Secret Bitcoin stash in North Korea?


Local news reports said that in May Yapizon had more than 3,800 bitcoins worth $15 million stolen - although FireEye said there were no clear indications of North Korean involvement in that case.

It is on these premises that hackers in North Korea have been launching successive cyber-attacks on Bitcoin since 2016 when the first incidents of cryptocurrency attacks were traced to Pyongyang.

One of the method hackers from the other side of the demilitarized zone uses to attack South Korea's Bitcoin market is via virus infected emails that steals sensitive information from the recipient once the email is opened or a link in it is clicked.

With tightening sanctions and the use of cyber currencies broadening, security experts say North Korea's embrace of digital cash will only increase. North Korea has denied all responsibility.

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"With North Korea's tight control of its military and intelligence capabilities, it is likely that this activity was carried out to fund the state or personal coffers of Pyongyang's elite, as worldwide sanctions have constricted the Hermit Kingdom", FireEye said in a statement. North Korean hackers have mounted attacks on at least three South Korean cryptocurrency exchanges since May, security researcher FireEye said in a report Monday. In April, roughly $5.3 million in bitcoin was reported stolen from Yapizon, a prominent South Korean exchange. It declined to name the website and said it believes North Korea prefers larger targets like exchanges than individual owners of cryptocurrencies.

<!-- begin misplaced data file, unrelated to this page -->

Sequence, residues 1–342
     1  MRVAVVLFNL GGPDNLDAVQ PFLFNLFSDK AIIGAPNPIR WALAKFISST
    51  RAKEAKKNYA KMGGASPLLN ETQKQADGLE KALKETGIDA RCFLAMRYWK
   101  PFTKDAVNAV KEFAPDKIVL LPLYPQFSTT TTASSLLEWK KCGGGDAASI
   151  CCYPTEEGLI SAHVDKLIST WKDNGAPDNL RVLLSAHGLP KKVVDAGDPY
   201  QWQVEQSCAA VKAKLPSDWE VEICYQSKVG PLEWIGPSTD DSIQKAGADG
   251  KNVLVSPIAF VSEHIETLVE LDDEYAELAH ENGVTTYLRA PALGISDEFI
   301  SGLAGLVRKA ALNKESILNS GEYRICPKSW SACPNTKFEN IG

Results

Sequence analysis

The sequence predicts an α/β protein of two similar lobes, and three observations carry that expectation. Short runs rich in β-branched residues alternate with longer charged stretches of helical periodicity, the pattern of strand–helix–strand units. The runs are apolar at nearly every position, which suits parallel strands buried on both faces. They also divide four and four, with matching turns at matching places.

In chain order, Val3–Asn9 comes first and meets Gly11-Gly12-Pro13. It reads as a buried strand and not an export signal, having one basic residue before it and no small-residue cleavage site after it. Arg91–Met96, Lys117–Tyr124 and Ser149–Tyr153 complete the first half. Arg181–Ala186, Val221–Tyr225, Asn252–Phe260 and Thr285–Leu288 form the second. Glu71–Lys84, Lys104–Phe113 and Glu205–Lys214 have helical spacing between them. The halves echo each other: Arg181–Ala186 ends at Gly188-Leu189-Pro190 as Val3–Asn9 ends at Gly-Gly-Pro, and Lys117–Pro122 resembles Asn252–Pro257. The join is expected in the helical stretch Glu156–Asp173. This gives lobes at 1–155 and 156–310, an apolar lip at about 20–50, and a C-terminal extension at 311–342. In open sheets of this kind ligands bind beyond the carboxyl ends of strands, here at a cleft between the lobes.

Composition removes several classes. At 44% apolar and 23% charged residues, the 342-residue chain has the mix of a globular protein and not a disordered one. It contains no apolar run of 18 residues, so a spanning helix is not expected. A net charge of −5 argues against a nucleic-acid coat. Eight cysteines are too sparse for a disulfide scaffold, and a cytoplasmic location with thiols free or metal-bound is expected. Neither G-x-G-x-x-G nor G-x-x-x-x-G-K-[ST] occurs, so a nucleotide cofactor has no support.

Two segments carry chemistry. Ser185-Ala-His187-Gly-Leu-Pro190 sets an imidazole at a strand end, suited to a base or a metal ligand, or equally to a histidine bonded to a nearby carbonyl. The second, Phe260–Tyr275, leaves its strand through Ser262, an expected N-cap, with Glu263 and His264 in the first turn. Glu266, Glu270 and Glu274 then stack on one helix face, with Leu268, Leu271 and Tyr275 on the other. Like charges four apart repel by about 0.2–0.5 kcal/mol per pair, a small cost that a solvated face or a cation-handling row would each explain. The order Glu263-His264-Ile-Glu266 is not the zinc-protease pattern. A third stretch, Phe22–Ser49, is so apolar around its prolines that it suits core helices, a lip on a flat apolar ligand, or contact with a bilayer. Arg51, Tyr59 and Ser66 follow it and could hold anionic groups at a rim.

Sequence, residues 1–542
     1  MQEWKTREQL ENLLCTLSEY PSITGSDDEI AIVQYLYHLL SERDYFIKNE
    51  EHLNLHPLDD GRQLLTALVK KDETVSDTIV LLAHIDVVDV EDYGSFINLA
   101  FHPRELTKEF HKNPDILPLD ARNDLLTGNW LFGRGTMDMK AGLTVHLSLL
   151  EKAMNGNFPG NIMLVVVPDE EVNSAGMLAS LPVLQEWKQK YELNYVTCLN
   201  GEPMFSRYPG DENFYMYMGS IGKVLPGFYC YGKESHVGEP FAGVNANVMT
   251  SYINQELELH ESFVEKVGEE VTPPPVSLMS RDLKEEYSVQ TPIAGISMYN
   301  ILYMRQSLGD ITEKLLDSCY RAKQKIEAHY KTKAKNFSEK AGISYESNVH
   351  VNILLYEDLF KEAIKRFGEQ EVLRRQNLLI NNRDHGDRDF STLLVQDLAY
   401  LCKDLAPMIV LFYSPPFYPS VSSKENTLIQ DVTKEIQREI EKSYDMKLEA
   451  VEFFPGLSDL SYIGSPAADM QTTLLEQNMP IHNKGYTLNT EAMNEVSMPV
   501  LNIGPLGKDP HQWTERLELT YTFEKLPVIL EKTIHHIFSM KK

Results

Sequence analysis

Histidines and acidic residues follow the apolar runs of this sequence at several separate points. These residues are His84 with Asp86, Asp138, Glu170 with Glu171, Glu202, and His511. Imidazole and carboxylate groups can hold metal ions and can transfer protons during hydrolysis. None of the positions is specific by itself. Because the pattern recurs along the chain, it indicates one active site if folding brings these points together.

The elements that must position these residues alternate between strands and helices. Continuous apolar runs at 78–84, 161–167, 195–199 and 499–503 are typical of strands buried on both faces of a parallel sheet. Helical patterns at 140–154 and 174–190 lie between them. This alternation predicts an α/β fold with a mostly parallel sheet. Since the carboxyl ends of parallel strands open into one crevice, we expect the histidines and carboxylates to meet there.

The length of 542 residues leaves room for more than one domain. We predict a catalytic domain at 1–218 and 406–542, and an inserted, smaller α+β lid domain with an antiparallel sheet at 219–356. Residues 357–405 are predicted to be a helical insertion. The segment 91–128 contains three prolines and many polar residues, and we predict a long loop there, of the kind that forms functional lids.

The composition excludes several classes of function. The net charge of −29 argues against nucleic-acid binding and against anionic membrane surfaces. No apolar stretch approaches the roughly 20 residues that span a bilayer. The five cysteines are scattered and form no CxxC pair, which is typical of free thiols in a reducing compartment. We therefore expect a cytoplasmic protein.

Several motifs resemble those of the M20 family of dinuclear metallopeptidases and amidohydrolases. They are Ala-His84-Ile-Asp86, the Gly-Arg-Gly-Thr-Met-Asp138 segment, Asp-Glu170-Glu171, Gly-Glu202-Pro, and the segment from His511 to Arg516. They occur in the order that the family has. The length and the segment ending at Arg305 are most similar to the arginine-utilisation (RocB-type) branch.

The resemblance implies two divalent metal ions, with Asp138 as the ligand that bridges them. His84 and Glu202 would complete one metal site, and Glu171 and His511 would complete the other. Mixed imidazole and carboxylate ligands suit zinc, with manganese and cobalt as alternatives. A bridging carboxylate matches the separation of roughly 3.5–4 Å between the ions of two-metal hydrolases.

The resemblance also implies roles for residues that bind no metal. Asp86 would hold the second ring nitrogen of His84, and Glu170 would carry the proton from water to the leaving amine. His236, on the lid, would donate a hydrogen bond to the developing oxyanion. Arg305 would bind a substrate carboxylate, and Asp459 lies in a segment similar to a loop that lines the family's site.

"North Korea's Office 39 is involved in activities such as gold smuggling, counterfeiting foreign currency, and even operating restaurants", alleges the report. As the regulatory environment around cryptocurrencies is still emerging, some exchanges in different jurisdictions may have lax anti-money laundering controls easing this process and make the exchanges an attractive tactic for anyone seeking hard currency.

But there was another factor: "You also have cryptocurrencies appreciating significantly since the beginning of the year". He said so far he did not have evidence that Kim Jong Un's regime has targeted cryptocurrency exchanges outside of South Korea, but did not rule out the possibility in the future.

"Bitcoin and other cryptocurrencies have increased in value in the past year, nation states are beginning to take notice", FireEye said."Consequently, it should be no surprise that cryptocurrencies, as an emerging asset class, are becoming a target of interest by a regime that operates in many ways like a criminal enterprise". These actors have begun directing their focus on banks and global financial systems, something, the FireEye researchers claim that is outside the traditional forms of cyber espionage they observe as being associated with the country.